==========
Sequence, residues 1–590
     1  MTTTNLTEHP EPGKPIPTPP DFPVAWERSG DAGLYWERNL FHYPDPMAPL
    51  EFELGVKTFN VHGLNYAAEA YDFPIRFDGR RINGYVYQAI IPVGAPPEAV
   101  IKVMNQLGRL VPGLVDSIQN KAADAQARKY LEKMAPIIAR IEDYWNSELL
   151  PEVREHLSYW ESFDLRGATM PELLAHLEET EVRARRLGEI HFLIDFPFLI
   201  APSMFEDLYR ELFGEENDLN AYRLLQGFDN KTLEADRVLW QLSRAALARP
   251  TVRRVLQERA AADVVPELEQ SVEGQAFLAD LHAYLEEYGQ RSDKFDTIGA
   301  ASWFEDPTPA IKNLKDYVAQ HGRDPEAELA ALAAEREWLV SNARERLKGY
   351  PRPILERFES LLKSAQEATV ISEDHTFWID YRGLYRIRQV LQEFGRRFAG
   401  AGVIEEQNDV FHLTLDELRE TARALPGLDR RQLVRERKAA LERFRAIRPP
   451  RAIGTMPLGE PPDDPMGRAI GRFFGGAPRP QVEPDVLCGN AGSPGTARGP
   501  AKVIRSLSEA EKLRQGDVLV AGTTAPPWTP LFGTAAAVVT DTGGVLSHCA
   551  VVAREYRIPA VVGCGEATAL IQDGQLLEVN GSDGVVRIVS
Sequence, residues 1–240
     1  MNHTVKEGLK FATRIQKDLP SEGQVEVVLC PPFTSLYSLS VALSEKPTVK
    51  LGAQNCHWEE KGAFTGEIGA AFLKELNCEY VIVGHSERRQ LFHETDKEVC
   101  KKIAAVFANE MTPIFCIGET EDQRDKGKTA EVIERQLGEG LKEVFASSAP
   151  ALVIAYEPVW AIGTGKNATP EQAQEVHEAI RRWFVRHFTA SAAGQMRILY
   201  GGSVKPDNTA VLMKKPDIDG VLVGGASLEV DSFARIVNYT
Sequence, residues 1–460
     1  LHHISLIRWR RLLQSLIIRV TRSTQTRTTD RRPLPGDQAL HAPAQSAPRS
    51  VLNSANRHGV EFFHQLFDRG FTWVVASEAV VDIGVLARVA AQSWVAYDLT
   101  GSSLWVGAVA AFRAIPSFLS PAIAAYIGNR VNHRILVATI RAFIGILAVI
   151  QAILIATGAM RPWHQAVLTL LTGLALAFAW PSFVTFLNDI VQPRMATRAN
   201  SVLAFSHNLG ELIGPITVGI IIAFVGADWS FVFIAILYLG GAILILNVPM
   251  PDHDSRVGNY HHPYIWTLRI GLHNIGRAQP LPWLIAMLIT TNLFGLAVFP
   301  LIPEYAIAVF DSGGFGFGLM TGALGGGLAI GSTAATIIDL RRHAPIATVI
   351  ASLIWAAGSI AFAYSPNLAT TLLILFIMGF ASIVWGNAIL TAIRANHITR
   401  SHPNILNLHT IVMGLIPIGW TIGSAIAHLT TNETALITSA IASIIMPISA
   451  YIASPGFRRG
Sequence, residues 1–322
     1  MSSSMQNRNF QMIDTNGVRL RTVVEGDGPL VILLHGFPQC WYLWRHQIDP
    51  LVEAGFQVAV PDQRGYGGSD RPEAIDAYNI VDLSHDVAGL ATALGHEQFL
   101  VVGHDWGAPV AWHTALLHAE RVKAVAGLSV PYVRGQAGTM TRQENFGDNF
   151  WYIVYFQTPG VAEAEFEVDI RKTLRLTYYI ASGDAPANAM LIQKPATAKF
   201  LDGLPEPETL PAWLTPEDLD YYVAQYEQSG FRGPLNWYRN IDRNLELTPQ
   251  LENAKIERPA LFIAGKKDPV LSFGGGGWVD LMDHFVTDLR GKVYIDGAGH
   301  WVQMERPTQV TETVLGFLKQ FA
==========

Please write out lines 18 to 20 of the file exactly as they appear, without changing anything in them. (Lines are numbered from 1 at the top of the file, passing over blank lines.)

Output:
   151  ALVIAYEPVW AIGTGKNATP EQAQEVHEAI RRWFVRHFTA SAAGQMRILY
   201  GGSVKPDNTA VLMKKPDIDG VLVGGASLEV DSFARIVNYT
Sequence, residues 1–460